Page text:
The upcoming 2014-15 ABS season will be one of ABS’s best yet. Extraordinary works by Handel and Vivaldi will be complimented by a rarely performed yet beautiful violoncello concerto by Neapolitan Baroque composer Leonardo Leo, and, of course, an outstanding representation of the music of Johann Sebastian Bach.
Last year we highlighted some of the Bach-related publications of 2013, so it seemed like a good time to again review new publications that may be of interest or are related to the ABS season ahead. Below is a selection of new, recent, reissued, and essential items related to the master and his contemporaries.
Bach and his Times
Related to the study of Bach’s works, look for the paperback edition of Celia Applegate’s 2005 Bach in Berlin: Nation and Culture in Mendelssohn’s Revival of the St. Matthew Passion, which will be published this month. With ABS’s performances of the Passion coming up from Feb 27-Mar 2, this is an especially good time to look into Applegate’s work.
Scheduled for publication just after the turn of the New Year, Martha Feldman’s The Castrato: Reflections on Natures and Kinds, will be worth the wait. With works by Handel, Vivaldi, and Leo coming up in 2015, Feldman’s study will offer excellent background and context for the musical offerings of the subscription season. The notorious practice of castrating boys to prepare them for careers as singers had a profound impact on the music and culture of the Baroque era (though castrati continued as part of the musical scene on into the late nineteenth century).
Several new eBook-only options might be worth pursuing if you have a kindle or iPad and a long commute. Matthew Rye’s JS Bach’s Mass in B Minor looks at Bach’s ultimate masterwork and may offer insights for next summer’s performances of the Mass at the ABS Festival & Academy. Also,Philipp Spitta’s 1899 biography Johann Sebastian Bach: his work and influence on the music of Germany, 1685-1750 is available for kindle.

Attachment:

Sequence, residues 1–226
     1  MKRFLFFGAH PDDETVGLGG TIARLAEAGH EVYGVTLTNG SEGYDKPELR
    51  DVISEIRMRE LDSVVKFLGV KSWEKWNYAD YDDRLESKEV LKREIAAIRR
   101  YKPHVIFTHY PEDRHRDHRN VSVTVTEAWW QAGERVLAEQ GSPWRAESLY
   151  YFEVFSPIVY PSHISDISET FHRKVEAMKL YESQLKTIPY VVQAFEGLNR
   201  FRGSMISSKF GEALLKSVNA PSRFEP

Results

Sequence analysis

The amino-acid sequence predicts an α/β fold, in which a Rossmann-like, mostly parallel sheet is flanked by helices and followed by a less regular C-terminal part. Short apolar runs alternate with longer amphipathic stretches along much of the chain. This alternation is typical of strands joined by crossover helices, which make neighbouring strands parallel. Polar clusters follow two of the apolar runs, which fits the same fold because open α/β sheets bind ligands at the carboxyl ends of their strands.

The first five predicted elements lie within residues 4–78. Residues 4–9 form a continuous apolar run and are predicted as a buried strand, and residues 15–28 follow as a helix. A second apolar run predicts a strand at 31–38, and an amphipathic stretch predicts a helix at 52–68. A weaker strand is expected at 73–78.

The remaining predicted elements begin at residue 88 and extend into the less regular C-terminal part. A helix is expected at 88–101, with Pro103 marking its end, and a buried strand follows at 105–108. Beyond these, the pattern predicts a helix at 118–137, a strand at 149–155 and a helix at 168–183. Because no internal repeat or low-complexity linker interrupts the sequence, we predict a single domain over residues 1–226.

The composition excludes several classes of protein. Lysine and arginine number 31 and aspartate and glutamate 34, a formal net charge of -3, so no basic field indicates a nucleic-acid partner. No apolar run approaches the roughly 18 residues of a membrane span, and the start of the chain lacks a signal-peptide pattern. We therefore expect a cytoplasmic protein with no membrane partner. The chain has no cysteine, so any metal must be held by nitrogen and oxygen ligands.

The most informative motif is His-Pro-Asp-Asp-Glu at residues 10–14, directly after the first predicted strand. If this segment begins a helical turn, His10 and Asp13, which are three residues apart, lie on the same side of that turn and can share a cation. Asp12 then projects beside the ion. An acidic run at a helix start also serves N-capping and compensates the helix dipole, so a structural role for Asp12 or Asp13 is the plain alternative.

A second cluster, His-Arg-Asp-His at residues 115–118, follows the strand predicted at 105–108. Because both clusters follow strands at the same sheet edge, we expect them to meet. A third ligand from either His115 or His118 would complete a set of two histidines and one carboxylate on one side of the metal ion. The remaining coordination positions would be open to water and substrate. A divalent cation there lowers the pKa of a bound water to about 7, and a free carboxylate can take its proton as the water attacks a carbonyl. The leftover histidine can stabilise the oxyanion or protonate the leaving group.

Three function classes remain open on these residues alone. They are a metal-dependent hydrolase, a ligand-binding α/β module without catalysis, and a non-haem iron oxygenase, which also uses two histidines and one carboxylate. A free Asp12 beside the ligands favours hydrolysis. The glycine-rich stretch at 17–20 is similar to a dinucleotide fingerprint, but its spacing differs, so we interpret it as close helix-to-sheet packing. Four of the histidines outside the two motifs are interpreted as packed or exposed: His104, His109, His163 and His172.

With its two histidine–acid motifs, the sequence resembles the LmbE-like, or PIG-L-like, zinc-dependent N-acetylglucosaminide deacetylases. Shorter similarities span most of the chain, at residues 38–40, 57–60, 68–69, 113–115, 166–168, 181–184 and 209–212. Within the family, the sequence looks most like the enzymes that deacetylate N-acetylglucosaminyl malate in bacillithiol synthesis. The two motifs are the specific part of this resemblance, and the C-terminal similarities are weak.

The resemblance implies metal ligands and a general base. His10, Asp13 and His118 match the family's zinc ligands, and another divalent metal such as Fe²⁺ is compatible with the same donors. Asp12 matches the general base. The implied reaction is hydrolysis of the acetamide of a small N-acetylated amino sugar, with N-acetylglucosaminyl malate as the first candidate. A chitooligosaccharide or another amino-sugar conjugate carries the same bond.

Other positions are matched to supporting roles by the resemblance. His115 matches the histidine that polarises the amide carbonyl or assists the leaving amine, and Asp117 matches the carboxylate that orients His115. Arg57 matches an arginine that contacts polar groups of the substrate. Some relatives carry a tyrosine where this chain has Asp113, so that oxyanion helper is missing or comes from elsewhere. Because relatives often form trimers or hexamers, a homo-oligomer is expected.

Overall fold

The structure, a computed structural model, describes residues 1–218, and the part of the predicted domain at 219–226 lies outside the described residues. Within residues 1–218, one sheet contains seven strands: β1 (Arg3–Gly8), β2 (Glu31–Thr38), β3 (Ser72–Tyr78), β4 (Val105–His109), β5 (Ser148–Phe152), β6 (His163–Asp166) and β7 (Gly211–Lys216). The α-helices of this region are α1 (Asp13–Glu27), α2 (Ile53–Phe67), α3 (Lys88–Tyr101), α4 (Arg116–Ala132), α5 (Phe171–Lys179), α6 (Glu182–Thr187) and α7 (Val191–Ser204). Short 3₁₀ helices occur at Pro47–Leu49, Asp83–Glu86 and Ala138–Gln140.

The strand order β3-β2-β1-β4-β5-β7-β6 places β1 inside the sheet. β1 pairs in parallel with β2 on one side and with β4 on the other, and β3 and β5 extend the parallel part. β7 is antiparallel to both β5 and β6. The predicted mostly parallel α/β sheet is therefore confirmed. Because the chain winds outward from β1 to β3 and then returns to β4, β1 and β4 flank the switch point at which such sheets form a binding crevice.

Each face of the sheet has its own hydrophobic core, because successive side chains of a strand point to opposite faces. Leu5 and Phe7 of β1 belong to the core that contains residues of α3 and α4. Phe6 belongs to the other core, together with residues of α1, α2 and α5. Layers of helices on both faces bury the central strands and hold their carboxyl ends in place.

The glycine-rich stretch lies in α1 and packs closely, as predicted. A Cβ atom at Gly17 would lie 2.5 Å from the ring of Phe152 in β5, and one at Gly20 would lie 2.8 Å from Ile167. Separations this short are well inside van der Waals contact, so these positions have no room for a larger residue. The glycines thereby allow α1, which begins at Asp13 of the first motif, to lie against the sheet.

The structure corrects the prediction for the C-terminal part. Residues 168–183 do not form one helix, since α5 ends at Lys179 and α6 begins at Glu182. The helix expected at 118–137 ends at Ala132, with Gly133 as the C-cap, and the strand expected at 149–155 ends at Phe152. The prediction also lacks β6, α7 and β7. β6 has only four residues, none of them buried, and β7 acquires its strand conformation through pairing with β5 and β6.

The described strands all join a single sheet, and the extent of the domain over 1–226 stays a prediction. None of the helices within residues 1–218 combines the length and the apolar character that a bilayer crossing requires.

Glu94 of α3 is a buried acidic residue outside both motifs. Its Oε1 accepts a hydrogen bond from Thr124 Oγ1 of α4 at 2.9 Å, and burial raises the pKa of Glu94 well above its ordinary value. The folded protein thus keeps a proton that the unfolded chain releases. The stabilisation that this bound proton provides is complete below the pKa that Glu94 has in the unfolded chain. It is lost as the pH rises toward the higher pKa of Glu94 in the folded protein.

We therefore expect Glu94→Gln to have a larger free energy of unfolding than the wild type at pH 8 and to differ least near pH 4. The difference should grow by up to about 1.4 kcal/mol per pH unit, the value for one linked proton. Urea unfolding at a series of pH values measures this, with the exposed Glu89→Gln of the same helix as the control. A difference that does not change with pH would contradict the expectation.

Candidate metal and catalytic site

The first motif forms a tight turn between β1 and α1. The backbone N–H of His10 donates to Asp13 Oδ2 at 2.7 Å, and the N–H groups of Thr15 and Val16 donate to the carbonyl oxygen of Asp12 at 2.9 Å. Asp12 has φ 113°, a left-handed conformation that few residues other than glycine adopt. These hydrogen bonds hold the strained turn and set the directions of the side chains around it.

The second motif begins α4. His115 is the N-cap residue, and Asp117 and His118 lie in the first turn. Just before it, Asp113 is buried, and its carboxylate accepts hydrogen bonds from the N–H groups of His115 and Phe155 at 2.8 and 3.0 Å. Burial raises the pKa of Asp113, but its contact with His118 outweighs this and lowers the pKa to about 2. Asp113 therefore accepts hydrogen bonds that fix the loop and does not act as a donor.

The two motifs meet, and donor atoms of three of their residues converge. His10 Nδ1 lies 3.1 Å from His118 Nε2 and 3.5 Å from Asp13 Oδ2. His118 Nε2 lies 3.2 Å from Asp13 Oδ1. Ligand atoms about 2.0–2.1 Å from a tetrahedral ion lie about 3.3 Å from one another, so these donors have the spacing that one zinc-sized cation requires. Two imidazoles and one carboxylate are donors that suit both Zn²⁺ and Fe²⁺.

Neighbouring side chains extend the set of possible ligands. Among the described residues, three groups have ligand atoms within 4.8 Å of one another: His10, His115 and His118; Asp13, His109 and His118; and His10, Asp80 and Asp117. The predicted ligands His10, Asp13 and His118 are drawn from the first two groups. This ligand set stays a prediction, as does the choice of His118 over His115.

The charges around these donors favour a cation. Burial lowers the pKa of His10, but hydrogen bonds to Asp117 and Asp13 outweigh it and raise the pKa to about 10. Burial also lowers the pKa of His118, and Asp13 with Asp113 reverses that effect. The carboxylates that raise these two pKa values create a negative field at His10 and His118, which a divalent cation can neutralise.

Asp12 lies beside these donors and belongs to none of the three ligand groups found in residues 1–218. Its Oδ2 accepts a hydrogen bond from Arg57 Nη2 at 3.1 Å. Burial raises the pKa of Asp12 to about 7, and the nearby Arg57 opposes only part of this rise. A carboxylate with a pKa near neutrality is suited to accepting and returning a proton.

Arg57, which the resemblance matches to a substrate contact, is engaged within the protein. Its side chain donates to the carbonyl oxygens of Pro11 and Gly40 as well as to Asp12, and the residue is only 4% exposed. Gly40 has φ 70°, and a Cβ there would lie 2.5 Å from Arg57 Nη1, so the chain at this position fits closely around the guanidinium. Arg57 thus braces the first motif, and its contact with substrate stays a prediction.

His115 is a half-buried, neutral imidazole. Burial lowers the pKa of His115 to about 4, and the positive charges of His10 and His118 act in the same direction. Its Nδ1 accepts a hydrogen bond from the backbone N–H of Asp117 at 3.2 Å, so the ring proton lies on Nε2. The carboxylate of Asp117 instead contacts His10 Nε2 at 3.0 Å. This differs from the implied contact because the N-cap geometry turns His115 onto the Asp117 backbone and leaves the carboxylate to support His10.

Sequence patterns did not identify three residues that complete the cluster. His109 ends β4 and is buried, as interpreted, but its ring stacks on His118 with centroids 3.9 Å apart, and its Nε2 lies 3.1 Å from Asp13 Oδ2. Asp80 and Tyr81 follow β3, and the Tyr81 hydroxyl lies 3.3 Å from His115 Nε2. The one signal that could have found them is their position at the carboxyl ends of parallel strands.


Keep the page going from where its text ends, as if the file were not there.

Don’t forget one of the good old, old ones: Johann Sebastian Bach: His Life, Art, and Work by Johann Nikolaus Forkel. This is, in fact, the very first biography of J.S. Bach written by an enthusiast who was born in 1749, the year before Bach’s death. As an eminent 18th Century musicologist, Forkel was acquainted with Bach’s sons and used his access to them while writing his life of the composer.
Handel, Vivaldi, and Leo
To get equipped for the other parts of the ABS season, there are some other readings that you might consider. Handel’s Acis and Galatea is based on a story from Ovid’s Metamorphosis. Different translations of this timeless (and occasionally bawdy work) abound, but consider Charles Martins’s translation of Ovid, which includes an introduction by famed classics professor Bernard Knox. Vivaldi’s famed all-female ensemble at the Ospedale della Pietà is the subject of Barbara Quick’s imaginative work of historical fiction, Vivaldi’s Virgins. Biographical information about Leonardo Leo is not nearly as easy to find as an edition of Ovid. Perhaps the best introduction to this composer is to go right to the his music. Tafelmusik has an excellent CD featuring all 6 of Leo’s violoncello concerti with Dutch cellist Anner Bylsma as soloist and Jeanne Lamon conducting.